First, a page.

Share this article

print logo

Bills’ Lawson shares own cautionary tale with McKinley students

Shaq Lawson told his story.

About his father, well known in his community as a coach and referee in youth sports, dying in a car accident involving a drunk driver who attended high school with Lawson. About his older brother nearing the end of a 20-year prison term. About his “homeboys” from South Carolina in jail for murder.

Sitting on the stage in the auditorium at Buffalo’s McKinley High School Tuesday, the Bills’ 24-year-old defensive end could envision his younger self among the students in the audience.

“I used to be the same kid sitting there, listening to older guys telling me the same thing,” Lawson said afterward. “But at the time I wasn’t listening. It was going in one ear and out the other. ... I had to learn the hard way.”

So far, the lessons are paying off. Lawson joined the Buffalo Bills as a first-round draft pick from Clemson in 2016, and has been a solid contributor while starting the last four games.

He told the students there were two major milestones in his life. One was his father’s death in 2011, because it forced Lawson to “grow up as a man” at 15 years old and serve as a father figure to his younger brothers and sisters. The other was when when he enrolled at Hargrave Military Academy in Chatham, Va., after his senior year at D.W. Daniel High School in Central, South Carolina.

The second event went a long way toward removing the many rough edges Lawson had and allowed him to meet academic requirements to enter college.

After a student opened the question-and-answer period by asking Lawson about his fight with Leonard Fournette in Sunday’s victory against Jacksonville — Lawson explained he was defending himself and teammates — another got to the heart of Lawson’s cautionary tale when he asked: “If you never went to that military school, where do you think you would be right now?”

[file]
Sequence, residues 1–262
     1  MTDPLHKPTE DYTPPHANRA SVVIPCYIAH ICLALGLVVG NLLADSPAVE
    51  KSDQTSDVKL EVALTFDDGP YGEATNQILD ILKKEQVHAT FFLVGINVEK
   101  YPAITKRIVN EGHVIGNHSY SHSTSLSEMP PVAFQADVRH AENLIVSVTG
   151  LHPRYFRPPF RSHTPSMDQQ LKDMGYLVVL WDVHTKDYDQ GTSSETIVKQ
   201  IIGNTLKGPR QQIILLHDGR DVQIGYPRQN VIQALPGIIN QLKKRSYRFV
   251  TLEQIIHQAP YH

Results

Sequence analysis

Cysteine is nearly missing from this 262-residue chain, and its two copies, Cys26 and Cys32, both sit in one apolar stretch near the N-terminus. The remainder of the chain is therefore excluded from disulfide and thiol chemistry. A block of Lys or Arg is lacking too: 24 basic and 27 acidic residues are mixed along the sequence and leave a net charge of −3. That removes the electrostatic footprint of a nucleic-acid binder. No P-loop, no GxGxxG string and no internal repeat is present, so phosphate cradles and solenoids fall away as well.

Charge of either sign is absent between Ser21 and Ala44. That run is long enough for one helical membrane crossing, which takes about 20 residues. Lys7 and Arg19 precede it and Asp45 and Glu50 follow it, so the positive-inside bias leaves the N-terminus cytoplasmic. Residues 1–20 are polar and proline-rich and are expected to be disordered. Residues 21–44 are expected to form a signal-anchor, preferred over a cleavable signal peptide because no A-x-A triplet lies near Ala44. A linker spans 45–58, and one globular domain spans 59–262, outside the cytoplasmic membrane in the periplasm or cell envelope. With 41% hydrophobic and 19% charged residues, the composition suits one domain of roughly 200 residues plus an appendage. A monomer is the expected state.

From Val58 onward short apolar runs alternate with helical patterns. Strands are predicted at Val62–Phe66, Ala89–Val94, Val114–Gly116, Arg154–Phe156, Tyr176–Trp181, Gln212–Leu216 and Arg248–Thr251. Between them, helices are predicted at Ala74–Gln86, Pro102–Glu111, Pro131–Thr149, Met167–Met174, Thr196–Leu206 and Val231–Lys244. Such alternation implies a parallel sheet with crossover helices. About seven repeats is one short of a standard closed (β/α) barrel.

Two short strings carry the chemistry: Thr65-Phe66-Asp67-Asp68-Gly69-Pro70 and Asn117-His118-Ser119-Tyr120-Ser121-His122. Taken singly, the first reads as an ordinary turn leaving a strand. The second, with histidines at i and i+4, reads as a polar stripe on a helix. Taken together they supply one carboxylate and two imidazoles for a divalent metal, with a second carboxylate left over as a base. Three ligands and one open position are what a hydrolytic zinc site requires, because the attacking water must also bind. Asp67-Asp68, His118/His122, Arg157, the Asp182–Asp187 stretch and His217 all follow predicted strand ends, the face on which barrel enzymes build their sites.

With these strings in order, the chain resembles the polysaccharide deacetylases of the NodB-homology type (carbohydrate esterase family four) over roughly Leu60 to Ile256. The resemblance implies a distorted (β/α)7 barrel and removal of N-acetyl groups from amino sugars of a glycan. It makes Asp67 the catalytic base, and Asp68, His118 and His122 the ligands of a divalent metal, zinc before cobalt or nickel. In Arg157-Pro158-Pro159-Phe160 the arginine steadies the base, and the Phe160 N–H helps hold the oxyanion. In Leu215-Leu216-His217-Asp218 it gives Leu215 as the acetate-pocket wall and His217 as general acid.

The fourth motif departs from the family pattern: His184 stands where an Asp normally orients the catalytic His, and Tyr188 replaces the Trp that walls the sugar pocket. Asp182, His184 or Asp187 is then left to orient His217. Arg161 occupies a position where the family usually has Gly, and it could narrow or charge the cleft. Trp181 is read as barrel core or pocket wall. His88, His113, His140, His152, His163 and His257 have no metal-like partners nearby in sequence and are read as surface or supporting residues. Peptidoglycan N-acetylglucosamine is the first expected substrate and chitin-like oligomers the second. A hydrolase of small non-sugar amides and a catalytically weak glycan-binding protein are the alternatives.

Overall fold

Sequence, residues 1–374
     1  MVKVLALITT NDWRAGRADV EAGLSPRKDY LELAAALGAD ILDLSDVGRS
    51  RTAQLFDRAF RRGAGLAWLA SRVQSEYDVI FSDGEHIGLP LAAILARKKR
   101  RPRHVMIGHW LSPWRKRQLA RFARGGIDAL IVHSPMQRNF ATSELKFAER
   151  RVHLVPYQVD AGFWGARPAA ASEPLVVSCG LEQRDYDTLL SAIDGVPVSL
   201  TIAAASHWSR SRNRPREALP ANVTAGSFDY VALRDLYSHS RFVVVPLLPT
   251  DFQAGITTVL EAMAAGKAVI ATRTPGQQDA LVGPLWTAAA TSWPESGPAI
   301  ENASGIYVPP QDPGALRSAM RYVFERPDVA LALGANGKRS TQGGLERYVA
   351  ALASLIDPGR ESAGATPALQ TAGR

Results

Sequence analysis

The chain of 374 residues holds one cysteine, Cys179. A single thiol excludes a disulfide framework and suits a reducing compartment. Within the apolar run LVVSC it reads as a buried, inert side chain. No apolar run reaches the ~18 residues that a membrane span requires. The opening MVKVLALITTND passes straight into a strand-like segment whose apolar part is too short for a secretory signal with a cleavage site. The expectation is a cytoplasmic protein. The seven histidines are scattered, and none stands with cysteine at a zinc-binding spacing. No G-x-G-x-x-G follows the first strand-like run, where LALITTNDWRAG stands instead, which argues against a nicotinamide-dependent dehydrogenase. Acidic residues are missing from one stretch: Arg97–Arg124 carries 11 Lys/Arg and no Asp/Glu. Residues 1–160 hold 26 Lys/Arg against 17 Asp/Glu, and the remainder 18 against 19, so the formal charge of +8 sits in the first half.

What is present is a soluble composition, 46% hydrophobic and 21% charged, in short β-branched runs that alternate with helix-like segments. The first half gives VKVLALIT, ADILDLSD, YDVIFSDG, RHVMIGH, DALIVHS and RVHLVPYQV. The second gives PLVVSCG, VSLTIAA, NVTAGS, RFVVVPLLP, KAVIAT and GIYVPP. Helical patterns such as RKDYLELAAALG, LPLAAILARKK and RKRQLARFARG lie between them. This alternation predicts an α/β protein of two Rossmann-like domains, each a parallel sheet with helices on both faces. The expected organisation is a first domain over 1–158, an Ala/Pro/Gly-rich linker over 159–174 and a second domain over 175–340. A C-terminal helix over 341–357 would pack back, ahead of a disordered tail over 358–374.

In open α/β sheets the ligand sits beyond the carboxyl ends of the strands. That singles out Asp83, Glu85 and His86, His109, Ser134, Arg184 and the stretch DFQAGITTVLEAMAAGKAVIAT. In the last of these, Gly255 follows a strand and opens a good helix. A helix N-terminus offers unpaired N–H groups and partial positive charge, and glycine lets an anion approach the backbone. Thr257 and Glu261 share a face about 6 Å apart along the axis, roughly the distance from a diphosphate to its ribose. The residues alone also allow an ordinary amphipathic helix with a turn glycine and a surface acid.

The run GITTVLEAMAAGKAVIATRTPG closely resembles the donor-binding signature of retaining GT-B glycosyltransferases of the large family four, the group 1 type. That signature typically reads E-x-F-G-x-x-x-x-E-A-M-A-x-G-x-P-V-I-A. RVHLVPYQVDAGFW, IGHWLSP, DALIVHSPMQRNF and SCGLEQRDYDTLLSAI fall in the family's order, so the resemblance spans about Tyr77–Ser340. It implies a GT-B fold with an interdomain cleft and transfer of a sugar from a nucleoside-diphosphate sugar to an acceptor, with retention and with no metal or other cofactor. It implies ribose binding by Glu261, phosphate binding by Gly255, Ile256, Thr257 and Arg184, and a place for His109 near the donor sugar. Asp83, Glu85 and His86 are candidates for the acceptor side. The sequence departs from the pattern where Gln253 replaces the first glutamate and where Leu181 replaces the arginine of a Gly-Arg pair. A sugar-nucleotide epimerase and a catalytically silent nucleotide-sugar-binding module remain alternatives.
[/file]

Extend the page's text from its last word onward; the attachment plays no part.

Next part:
Lawson paused. He took a deep breath, then said, “Either in jail, dead or selling something.”

Somehow, Lawson had to find a way out. Otherwise, he knew he would spiral into a bad place.

“I didn’t want to be on the corner selling no weed, no things like that,” Lawson said. “I knew I had to do something better, man. I mean, do something I know I can make some legal money (doing).

“And I was just a class clown, too. Man, I always used to get in trouble. I was on this list, from ninth grade until 12th grade, called the ‘do-not-roam list.’ The only way that I could leave the classroom was unless I was with the principal. I couldn’t go nowhere unless I was with the principal. Use the bathroom, go to the nurse, anything.

Shaq Lawson spoke to students at McKinley High School on Tuesday, Nov. 27, 2018. (Sharon Cantillon/Buffalo News)

“I always had sports, but at the time, I thought, ‘Man, I’m not going to get in college anywhere. My grades are bad. I'm just gonna be another dude just trying to make a dollar in the streets.’”

The one year he spent at Hargrave went a long way toward allowing Lawson to avoid that fate. It wasn’t easy. At first, he struggled with the strict discipline that included early wake-up calls and marching. Lots of marching.